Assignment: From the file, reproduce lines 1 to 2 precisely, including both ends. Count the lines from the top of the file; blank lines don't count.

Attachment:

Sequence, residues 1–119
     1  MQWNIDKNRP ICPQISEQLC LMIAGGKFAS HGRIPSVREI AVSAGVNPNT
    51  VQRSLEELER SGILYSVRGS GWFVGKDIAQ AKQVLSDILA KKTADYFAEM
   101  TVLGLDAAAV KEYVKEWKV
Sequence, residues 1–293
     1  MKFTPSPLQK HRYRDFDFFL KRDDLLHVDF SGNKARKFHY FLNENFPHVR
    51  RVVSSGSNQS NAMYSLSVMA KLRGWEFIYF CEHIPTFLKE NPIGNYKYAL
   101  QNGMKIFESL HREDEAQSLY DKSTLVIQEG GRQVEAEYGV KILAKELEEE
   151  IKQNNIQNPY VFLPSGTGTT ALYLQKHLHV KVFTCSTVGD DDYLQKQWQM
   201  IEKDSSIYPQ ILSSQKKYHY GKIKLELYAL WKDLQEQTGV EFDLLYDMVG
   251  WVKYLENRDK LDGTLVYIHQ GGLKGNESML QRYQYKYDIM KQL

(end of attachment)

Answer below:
Sequence, residues 1–119
     1  MQWNIDKNRP ICPQISEQLC LMIAGGKFAS HGRIPSVREI AVSAGVNPNT